A relief defendant in a case against a defunct New Jersey collection agency charged with dunning consumers for debts they did not owe has agreed to turn over money she obtained as a result of the alleged scheme. Elisabeth M. Sussman, wife of collection agency owner Barry Sussman, will turn over approximately $600,000 to the Federal Trade Commission under a settlement agreement with the agency. The FTC’s legal action against Barry Sussman and four other defendants continues.
In a complaint filed in May 2003, the FTC alleged that the defendants violated federal laws by harassing consumers and threatening them with arrest and prosecution unless the consumers immediately paid the collection agency money they did not owe for checks returned for insufficient funds. The defendants allegedly harassed consumers with repeated phone calls, sent threatening letters, and falsely threatened that consumers could face civil or criminal charges if they did not pay the debts. The FTC alleged that, in many cases, the defendants collected amounts far in excess of any amounts that consumers might have owed.
The FTC’s complaint named as defendants Check Investors, Inc. (d/b/a National Check Control), Check Enforcement, Inc. (d/b/a Goldman Check Systems), Jaredco, Inc. (d/b/a Goldman & Co.), their principal, Barry Sussman, and their corporate counsel, Charles T. Hutchins, as well as Elisabeth Sussman. When it filed the settlement with Elisabeth Sussman, the FTC also filed an amended complaint naming Ms. Sussman as a relief defendant. According to the amended complaint, Elisabeth Sussman unlawfully received funds and other property from consumer payments to her husband’s agencies.
The FTC received substantial assistance in pursuing this matter from Postal Inspectors from the North Jersey/Caribbean Division; the U.S. Attorney’s Office for the District of New Jersey; and the New Jersey Department of Law and Public Safety. In addition, the FTC would like to thank the following states for their invaluable assistance in investigating this matter and bringing the complaint: Colorado, Idaho, Maine, Minnesota, North Dakota, Washington, and West Virginia.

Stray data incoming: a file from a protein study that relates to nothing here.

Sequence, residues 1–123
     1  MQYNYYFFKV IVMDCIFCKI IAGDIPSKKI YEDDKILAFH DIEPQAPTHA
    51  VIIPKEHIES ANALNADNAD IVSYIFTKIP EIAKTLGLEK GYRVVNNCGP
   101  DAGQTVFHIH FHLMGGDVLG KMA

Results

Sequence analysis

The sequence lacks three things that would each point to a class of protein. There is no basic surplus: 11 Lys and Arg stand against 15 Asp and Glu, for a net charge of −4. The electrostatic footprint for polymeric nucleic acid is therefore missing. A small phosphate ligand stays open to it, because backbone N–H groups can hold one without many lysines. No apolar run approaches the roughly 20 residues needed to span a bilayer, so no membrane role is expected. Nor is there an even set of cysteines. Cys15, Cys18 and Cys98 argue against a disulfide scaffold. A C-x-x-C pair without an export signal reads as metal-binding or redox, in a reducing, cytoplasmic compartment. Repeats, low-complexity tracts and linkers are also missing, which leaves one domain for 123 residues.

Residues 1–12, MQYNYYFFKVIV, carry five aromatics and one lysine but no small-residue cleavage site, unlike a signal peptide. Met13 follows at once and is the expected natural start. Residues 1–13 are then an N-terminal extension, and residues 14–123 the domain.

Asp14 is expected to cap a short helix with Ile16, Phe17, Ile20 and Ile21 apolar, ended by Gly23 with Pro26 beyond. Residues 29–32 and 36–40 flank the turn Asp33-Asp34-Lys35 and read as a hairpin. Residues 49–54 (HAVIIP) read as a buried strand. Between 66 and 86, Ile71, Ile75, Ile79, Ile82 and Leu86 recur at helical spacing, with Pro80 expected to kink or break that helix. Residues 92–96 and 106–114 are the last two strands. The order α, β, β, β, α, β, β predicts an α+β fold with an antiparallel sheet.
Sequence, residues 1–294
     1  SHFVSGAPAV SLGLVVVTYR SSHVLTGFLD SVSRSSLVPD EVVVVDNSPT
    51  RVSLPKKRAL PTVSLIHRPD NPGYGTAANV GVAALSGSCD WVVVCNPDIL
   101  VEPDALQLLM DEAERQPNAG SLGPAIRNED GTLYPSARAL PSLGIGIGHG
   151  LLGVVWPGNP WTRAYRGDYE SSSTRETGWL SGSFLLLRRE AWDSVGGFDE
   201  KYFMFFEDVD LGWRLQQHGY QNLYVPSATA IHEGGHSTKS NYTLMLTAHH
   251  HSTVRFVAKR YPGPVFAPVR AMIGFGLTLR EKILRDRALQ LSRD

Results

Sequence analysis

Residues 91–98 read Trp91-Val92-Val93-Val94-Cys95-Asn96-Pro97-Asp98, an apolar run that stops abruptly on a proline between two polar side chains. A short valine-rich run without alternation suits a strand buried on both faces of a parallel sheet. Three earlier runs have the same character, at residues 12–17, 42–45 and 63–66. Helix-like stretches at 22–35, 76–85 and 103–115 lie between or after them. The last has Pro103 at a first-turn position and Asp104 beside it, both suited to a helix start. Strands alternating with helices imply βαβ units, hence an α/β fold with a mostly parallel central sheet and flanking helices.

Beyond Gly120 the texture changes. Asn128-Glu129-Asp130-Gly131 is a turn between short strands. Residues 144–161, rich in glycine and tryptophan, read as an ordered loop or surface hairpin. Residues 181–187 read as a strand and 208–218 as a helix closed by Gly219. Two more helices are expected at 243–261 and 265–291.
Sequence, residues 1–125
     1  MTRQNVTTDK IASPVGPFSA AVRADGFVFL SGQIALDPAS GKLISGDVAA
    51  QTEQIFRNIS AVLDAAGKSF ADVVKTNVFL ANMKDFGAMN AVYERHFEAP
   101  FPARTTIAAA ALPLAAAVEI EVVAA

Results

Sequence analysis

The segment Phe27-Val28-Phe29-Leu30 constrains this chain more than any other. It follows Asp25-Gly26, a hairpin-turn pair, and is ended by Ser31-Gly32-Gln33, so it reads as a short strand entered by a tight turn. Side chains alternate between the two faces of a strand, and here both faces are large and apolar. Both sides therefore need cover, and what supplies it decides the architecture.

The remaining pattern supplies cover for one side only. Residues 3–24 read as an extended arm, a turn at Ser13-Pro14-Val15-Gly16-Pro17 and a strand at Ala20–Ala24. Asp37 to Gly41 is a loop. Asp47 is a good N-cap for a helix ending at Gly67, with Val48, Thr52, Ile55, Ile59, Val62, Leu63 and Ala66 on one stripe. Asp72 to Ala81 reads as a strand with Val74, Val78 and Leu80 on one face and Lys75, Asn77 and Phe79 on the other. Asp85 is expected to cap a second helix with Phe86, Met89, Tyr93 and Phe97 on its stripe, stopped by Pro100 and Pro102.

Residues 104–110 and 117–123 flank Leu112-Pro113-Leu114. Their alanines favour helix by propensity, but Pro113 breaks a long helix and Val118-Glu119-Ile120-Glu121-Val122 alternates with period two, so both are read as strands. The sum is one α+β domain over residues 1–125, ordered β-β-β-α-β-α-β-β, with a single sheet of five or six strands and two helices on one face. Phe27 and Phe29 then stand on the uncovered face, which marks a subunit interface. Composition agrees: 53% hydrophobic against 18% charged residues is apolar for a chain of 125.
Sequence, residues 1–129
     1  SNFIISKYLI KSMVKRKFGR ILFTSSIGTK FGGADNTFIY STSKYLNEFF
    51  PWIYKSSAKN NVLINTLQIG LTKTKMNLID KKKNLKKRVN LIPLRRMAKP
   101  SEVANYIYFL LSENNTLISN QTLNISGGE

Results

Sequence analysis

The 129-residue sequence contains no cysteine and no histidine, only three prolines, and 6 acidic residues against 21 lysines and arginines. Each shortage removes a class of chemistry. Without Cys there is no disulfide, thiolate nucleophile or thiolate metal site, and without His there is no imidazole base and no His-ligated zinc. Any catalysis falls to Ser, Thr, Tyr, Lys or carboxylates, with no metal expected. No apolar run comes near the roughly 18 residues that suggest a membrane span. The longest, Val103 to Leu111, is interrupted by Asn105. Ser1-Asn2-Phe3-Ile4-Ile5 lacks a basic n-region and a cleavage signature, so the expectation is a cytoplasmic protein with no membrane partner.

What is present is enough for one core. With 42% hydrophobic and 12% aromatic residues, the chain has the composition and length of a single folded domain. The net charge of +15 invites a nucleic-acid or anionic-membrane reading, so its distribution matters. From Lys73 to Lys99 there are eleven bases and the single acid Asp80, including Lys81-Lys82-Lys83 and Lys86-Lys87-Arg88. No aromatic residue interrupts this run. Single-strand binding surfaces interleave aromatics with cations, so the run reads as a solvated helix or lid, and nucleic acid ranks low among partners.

The Commission vote authorizing the staff to file an amended complaint and approving a stipulated final order as to relief defendant Elisabeth Sussman was 5-0. The amended complaint and settlement were entered in the U.S. District Court for the District of New Jersey on October 5, 2004.
Note: This stipulated final order is for settlement purposes only and does not constitute an
admission by the defendant of a law violation. A stipulated final order requires approval by the court and has the force of law when signed by the judge.
Copies of the Commission’s complaint and stipulated final order are available from the FTC’s Web site at http://www.ftc.gov and also from the FTC’s Consumer Response Center, Room 130, 600 Pennsylvania Avenue, N.W., Washington, D.C. 20580. The FTC works for the consumer to prevent fraudulent, deceptive, and unfair business practices in the marketplace and to provide information to help consumers spot, stop, and avoid them. To file a complaint in English or Spanish (bilingual counselors are available to take complaints), or to get free information on any of 150 consumer topics, call toll-free, 1-877-FTC-HELP (1-877-382-4357), or use the complaint form at http://www.ftc.gov. The FTC enters Internet, telemarketing, identity theft, and other fraud-related complaints into Consumer Sentinel, a secure, online database available to hundreds of civil and criminal law enforcement agencies in the U.S. and abroad.
(FTC File No. X030068)
(Civil Action No. 03-2115 (JWB))
Office of Public Affairs
Bureau of Consumer Protection